narrower, by the immediate exclusion of the anarchists and the adoption
of the AClass struggle and the
abolition of wage labour@.
There developed an enormous growth of the mass movements.
But these mass labour movements were torn between two contending forces.
Either the Marxist Internationalists forces led by Engels - or the Trade
Union aristocrats who were trying to take control. As yet neither side
had ideologically completely won. The Labour Aristocrats had not yet
been fully exposed. It is for this reason that Engels insisted on an open
discussion. In his Closing speech to the Zurich meeting sponsored by
the Socialist Workers Group of Aug 12 1893, he contrasted the First to
the Second International :
"The Old International had reached its zenith. The perpetuation of
the Old International would have led to sacrifices out of proportion with
the results; it transferred its seat to America, it withdrew from the scene.
The proletariat in the various countries was left to organise itself in
its forms. This happened and the International is now much stronger than
before. In accordance with this we must continue to work on common ground.
We must permit discussion in order not to become a sect, but the common
standpoint must be retained. The loose association, the voluntary bond
which is furthered by congresses is sufficient to win us the victory which
no power in the world can snatch from us again.A
But, as is well known the Second International too was
dissolved, in 1914, due to the opportunist stand of the Second International
on the inter-imperialist First World War. This was Lenin=s
assessment of The Second International :
"The Second International existed from 1889-1914, up to the war. This
was the period of the most calm and peaceful development of capitalism,
a period without great evolutions. During this period, the working class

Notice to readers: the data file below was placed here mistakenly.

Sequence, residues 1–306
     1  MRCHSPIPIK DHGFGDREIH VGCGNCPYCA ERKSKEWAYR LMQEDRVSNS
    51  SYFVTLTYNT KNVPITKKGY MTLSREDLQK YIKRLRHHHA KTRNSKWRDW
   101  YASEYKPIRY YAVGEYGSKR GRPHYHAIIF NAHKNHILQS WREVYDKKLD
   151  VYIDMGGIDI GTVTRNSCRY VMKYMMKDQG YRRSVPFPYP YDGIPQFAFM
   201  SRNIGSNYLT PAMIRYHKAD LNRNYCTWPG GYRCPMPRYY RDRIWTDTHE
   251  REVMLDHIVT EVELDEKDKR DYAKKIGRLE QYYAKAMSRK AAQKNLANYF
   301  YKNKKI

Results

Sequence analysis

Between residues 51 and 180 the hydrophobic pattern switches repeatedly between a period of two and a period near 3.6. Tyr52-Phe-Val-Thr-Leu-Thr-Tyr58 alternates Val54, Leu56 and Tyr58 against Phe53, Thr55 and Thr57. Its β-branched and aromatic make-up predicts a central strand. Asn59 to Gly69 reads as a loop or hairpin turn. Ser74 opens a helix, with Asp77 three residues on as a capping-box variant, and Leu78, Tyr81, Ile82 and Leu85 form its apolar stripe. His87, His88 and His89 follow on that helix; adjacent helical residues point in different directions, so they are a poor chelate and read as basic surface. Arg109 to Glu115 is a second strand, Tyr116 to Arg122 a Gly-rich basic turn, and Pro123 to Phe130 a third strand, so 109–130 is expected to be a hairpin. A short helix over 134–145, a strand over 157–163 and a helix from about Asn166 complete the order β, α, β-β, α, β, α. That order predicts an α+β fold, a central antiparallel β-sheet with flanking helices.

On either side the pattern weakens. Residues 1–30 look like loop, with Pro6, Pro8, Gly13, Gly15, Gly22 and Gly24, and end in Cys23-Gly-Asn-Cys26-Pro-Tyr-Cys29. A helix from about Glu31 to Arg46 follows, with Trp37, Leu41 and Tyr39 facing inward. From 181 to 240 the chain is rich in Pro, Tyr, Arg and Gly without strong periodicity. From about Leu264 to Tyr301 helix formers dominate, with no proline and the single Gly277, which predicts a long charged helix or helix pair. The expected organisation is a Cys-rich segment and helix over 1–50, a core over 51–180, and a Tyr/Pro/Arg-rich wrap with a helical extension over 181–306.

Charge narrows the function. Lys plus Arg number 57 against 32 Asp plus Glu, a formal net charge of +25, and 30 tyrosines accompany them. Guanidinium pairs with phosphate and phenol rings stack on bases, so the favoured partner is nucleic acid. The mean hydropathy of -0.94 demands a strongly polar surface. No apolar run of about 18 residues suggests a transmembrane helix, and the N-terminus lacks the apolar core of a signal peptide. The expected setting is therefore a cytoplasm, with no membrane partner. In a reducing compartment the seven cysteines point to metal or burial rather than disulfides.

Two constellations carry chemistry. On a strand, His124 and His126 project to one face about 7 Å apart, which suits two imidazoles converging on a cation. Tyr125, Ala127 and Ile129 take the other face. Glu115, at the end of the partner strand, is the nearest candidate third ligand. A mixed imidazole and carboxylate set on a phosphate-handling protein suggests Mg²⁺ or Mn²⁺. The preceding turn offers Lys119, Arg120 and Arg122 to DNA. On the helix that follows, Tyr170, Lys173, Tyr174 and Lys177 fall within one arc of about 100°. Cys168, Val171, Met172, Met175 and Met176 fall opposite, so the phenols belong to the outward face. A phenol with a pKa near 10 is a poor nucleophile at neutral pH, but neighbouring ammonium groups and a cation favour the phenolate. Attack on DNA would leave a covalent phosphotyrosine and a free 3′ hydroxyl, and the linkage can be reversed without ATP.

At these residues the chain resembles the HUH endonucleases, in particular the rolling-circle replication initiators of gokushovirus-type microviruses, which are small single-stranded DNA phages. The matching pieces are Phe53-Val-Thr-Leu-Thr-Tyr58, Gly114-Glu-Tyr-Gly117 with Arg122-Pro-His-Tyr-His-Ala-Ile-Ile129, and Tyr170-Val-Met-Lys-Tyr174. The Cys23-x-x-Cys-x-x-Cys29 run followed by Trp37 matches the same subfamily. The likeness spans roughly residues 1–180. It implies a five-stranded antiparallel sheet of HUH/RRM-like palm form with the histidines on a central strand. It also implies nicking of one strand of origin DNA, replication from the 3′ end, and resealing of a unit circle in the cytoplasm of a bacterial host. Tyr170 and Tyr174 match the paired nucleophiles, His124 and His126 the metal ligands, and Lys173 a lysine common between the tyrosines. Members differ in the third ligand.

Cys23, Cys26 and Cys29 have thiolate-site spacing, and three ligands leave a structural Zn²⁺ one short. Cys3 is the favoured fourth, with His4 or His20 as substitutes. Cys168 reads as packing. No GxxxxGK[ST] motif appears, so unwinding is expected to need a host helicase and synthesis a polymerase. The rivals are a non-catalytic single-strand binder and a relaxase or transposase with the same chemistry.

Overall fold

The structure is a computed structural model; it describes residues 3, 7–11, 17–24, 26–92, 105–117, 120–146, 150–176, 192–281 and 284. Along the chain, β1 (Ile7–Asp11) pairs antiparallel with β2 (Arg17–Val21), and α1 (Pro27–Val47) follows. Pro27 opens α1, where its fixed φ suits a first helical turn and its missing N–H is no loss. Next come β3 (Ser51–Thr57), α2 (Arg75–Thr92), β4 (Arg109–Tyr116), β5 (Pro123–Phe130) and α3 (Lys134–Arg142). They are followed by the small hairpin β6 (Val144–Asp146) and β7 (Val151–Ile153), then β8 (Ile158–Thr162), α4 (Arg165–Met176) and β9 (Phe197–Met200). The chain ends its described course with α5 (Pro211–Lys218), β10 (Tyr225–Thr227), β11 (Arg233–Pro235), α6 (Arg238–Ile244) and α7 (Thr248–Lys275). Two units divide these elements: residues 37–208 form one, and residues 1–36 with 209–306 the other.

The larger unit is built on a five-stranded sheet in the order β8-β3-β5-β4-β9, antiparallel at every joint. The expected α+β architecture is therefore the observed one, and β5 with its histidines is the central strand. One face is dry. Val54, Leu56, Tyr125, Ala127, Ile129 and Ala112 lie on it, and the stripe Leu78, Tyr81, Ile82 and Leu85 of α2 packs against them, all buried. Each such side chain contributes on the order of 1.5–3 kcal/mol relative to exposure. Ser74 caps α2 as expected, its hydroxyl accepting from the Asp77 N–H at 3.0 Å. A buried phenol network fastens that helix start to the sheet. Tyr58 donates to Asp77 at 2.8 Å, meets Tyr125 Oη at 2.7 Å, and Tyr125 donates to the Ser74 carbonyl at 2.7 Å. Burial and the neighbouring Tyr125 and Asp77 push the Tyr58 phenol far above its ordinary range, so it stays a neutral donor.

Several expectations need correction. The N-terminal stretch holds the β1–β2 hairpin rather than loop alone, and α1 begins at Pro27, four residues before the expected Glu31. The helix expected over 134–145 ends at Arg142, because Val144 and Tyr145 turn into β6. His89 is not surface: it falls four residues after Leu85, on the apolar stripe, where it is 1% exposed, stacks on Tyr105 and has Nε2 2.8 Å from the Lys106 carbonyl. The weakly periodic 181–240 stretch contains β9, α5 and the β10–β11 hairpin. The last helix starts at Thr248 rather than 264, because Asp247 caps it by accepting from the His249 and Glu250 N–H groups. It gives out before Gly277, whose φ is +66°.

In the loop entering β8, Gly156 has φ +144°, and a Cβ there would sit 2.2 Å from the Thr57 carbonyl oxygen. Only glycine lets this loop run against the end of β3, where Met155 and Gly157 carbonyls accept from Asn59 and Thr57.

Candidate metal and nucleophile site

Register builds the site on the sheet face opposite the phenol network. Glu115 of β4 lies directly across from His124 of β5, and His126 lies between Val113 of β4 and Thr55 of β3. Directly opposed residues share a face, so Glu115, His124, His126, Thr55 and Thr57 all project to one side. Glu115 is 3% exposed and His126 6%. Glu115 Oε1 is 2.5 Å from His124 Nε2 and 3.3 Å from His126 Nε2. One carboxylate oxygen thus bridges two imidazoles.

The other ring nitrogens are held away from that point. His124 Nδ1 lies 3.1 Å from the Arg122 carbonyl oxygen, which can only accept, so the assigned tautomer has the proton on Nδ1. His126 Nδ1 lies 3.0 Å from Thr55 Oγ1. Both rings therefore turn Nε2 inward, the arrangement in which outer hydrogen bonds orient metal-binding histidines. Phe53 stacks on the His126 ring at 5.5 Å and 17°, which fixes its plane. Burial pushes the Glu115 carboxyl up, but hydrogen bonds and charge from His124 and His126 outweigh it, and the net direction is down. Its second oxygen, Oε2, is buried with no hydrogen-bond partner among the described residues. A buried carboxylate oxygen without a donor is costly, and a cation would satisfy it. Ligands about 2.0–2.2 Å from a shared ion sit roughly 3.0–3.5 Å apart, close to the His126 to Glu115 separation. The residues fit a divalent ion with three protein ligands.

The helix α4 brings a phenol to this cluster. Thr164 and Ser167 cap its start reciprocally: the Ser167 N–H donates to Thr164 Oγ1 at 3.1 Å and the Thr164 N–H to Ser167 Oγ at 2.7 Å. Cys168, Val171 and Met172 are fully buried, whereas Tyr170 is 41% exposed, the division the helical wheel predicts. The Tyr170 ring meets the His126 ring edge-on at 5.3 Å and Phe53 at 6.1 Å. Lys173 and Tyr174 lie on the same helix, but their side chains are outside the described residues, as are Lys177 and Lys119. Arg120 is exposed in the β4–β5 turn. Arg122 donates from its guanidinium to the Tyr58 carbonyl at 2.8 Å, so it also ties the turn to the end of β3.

movement gained strength and matured.. but the workers leaders had become
accustomed to peaceful conditions and had lost the ability to wage a revolutionary
struggle. When in 1914, there began the war.. these leaders deserted to
their respective governments. They betrayed the workers, they helped to
prolong the slaughter, they became the enemies of socialism, they went
over to the side of the capitalists."
Engels F; Closing Speech Zurich; M&E CW: Vol 27; Ibid: p.404-405.
Lenin V.I.; March 1919: "The Third Communist International"; V.I.L.
CW: Vol 29; p. 241.
The collapse of the Second International reflected the
rise of opportunism :
"The collapse of the Second International.. signifies the complete
victory of opportunism, the transformation of the Social Democratic parties
into national-liberal parties, is mainly the result of the entire historical
epoch of the Second International - the close of the 19 th Century and
the beginning of the 20 th Century. The objective conditions of this epoch
- transitional from the consummation of West European bourgeois and national
revolutions to the beginnings of socialist revolution - engendered and
fostered opportunism.. a split in the working class and socialist movements..
which in the main was a cleavage along the lines of opportunism (Britain,
Italy, Holland, Bulgaria and Russia); in other countries we see.. trends
along the same line (Germany, France, Belgium, Sweden and Switzerland).
The crisis created by the great war has torn away all coverings.. exposed
an abscess. and revealed opportunism as the true ally of the bourgeoisie..
In Russia the complete severance of the revolutionary.. proletarian elements
from the petty bourgeois opportunist elements has been prepared by the
entire history of the working class movement. Those who disregard that
history and declaim against "factionalism" ..are) incapable of understanding
the real process of formation of a proletarian party.. are rendering that
movement the worst possible service."
Lenin V.I.; September 1919: "The Collapse of the Second Communist
International"; V.I.L. CW: Vol 21; p. 256-258.